Many works included in Figuratively Speaking—the art show now on display at the University of California, Riverside’s Palm Desert campus—could very easily be found in a higher-end gallery on El Paseo or Palm Canyon Drive. The show’s curator, Ryan “Motel” Campbell—whose own works in the show are notably strong—expertly selected drawings, paintings and sculpture that depict how artists capture the human condition.
The show consists of some 30 works; it extends from the first-floor atrium/gallery space to the second floor. Unfortunately, a number of the larger pieces presented on the second floor are difficult to appreciate fully; they are too large for the space, and the lighting is poor.
Russell Jacques’ bronze, “She,” elegantly and simply presents his subject. While not as simplified and streamlined as, say, the sculptures of Constantin Brâncusi, “She” shows Jacques aiming to find the essence of the female form. The not-highly-polished sculpture creates a midcentury sensibility, with its various curved surfaces.
Gary Paterson’s canvases are the show’s most fun. His approach is a clear nod to pop-art masters who take aim at popular culture (e.g., soup cans). Here, however, there is a difference: Paterson takes aim at thoseartists.
Paterson’s backdrop is a geometric pattern. He notes that his “patterns are created primarily from textiles—stitch patterns, quilting patterns—and in some cases using Notan, light/dark patterning originating in Japan.” Paterson’s subjects are also seen through the same pattern, usually painted in lighter colors. Essentially, the subject lives between the background pattern and what might be thought of as a foreground scrim.
“Blue Nude” is clearly inspired by the Henri Matisse classic. Paterson creates a background grid in ice-blue and off-white, which continues across the front of the nude—now in a darker blue that contrasts with his painting of Matisse’s iconic figure.
With “Wesselmania,” the artist spoofs Tom Wesselmann, melding the characteristics of the late pop-art icon’s works. Paterson’s brightly colored geometric rectangles, on the diagonal, create a backdrop and a sense of movement behind two nude women lying—or perhaps wrestling—on a couch. They are less people and more object, like many Wesselmann nudes: The women have big hair and no eyes, and, as the artist notes, “come across as brainless.” Behind the women are typical Wesselmann props (e.g., flowers, a stylized partial sun, flat planes of color outlined in black).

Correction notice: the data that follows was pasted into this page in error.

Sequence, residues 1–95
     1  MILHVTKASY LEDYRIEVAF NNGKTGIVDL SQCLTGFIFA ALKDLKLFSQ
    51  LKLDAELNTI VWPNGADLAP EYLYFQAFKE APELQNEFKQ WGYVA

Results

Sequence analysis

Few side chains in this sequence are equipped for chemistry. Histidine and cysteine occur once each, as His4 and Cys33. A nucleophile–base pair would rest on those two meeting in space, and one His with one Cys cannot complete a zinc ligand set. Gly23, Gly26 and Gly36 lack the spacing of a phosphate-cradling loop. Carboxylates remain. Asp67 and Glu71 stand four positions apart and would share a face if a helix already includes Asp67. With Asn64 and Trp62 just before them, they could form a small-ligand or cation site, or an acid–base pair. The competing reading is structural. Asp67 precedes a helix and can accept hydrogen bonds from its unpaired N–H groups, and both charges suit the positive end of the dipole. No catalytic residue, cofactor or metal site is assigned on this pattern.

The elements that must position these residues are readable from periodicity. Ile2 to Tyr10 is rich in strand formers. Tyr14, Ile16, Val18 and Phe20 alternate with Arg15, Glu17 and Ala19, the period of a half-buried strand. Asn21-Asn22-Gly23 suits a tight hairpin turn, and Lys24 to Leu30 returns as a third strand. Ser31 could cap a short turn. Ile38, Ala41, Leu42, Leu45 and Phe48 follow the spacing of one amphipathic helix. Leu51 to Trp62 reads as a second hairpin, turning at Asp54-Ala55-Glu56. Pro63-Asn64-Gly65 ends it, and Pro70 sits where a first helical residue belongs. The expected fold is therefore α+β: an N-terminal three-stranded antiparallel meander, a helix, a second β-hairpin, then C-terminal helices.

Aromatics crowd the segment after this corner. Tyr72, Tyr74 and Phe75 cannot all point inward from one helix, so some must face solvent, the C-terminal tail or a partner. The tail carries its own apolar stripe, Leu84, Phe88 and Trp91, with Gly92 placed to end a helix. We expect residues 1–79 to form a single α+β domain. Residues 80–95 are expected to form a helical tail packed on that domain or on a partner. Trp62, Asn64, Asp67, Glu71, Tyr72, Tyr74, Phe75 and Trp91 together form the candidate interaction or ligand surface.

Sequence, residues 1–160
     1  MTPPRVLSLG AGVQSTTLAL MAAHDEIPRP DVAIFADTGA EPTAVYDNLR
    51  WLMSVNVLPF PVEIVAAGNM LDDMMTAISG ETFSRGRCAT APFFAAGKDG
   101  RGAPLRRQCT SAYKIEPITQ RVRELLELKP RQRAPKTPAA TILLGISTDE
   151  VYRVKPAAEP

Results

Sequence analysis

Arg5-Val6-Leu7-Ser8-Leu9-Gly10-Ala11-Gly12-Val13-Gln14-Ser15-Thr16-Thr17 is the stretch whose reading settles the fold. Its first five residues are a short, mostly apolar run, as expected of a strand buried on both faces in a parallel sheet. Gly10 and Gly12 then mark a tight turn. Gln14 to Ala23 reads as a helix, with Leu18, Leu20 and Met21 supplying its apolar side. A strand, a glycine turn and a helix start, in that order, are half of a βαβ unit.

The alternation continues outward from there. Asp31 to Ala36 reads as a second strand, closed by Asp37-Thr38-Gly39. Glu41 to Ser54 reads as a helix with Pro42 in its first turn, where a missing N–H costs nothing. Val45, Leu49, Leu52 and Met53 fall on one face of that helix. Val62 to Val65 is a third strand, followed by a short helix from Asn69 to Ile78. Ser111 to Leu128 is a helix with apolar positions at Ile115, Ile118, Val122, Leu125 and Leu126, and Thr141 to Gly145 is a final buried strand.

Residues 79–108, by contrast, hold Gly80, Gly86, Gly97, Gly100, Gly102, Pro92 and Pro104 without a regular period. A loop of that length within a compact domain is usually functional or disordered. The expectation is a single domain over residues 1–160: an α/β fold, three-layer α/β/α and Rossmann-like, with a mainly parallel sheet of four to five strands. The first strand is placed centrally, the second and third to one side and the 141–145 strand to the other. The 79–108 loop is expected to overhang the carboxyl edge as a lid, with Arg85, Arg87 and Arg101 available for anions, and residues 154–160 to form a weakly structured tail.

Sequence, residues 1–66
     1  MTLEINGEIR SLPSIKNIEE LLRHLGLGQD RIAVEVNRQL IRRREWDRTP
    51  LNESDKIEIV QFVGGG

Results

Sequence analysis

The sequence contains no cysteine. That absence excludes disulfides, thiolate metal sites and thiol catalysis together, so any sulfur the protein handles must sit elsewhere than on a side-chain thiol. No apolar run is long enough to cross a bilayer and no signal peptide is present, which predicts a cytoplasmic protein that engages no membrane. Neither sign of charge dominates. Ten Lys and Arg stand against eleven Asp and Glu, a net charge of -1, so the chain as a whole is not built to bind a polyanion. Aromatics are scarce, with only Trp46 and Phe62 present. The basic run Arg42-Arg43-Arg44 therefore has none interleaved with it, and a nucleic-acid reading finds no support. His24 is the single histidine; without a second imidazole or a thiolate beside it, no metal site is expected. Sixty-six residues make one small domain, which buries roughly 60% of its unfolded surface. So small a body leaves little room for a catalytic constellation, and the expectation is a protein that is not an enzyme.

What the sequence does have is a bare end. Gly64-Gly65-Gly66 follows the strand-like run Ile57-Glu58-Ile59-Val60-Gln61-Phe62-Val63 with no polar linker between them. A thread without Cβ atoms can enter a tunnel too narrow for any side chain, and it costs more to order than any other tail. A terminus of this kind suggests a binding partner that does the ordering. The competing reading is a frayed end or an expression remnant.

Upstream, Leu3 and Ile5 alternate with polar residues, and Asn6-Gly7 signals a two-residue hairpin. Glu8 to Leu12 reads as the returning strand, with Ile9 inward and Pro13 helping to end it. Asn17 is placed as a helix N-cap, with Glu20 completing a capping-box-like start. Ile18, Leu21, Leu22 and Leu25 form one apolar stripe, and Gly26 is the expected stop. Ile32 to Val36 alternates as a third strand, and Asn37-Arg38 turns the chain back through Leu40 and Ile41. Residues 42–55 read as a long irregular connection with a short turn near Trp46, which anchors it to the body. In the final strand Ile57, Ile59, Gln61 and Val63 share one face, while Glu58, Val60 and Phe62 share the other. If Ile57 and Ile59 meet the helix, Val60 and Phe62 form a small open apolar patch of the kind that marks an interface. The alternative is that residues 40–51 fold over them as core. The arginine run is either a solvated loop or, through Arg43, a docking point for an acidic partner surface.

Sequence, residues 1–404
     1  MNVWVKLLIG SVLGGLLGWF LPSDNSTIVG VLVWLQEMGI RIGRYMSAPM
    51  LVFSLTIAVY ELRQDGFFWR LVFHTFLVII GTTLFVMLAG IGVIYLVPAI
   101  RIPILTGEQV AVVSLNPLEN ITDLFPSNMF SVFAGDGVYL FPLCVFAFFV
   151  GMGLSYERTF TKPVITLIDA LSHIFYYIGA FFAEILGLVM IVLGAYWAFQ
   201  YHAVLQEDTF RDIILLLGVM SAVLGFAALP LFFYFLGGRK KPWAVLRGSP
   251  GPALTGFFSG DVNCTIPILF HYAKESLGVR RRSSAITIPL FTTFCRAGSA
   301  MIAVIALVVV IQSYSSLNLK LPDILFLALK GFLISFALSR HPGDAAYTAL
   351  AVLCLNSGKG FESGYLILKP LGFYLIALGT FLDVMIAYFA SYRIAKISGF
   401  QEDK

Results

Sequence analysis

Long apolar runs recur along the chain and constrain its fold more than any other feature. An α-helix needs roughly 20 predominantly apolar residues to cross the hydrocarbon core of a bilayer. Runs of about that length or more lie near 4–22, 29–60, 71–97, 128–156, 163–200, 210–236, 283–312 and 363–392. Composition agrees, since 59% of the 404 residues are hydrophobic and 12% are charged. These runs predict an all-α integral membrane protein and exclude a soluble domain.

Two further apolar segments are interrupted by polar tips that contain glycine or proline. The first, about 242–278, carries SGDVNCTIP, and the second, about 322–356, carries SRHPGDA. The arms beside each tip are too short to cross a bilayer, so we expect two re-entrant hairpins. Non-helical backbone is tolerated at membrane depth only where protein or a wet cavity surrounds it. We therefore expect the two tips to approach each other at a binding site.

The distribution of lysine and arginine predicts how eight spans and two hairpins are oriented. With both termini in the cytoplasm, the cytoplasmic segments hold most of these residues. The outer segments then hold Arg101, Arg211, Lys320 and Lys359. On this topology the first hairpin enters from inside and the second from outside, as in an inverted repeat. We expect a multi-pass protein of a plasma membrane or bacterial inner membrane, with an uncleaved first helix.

Paterson’s more-subtle use of the aforementioned grid in front of the women makes the viewer seem like a voyeur looking through sheer bedroom curtains.
Meridy Volz’s paintings—both large and midsize canvases—are among the most socially conscious pieces in the show. Up close, her use of intense, bright colors (yellow, red, blue) and sharp textured brushwork seem disjointed and, at times, jarring. However, with some distance, the impasto softens, and the imagery—even when Volz addresses difficult subjects—becomes inviting.
“Betty in Repose,” a large horizontal canvas, captures a woman, quite likely homeless, asleep on a park bench, on top of what appear to be her belongings. In the background, clusters of figures are clearly doing their own thing. These background figures—much smaller and in muted colors—push Betty forward, making her seem more isolated and disenfranchised.
Volz’s smaller painting, “Incarcerated Boys,” conveys a similar sense of aloneness. Her composition includes three adolescents positioned behind vibrant blue-white bars. The contrast is disconcerting: While the prison bars are vibrant, the boys appear isolated, confused and in disbelief.
“Socialite” is Volz’s most-optimistic painting. Dressed in a colorful, well-draped dress with a matching turban, the statuesque model stands alone. The socialite gazes away—even though her head looks straight toward the viewer. “Socialite” is reminiscent of the works of American impressionists like William Merritt Chase and John Singer Sargent. However, Volz applies her own distinct style (thick brush stokes, intense bright colors), creating an entirely different experience.
The weakest works in the show come from Alyssa Bixon and Luis Costo. Both artists are technically proficient; however, their paintings seem derivative and studied. Other artists in the show include Temo Aldrete, Larry Caveney, Gesso Cocteau, Marcy Gregory, Ming C. Lowe, Andres Orlowski, Adam Rodrigues, Laurel Thomas and Robert Yancy.
Figuratively Speaking is on display in University Building B on the University of California, Riverside, Palm Desert campus, at 75080 Frank Sinatra Drive, through Jan. 31. Gallery hours are Monday to Friday, from 9 a.m. to 5 p.m. For more information, call 760-834-0800, or visit palmdesert.ucr.edu/programs/exhibitions.html.
Based in Cathedral City, Victor S. Barocas is a photographer, author and educator/business coach. He can be reached at Victor@VictorsVisions.com.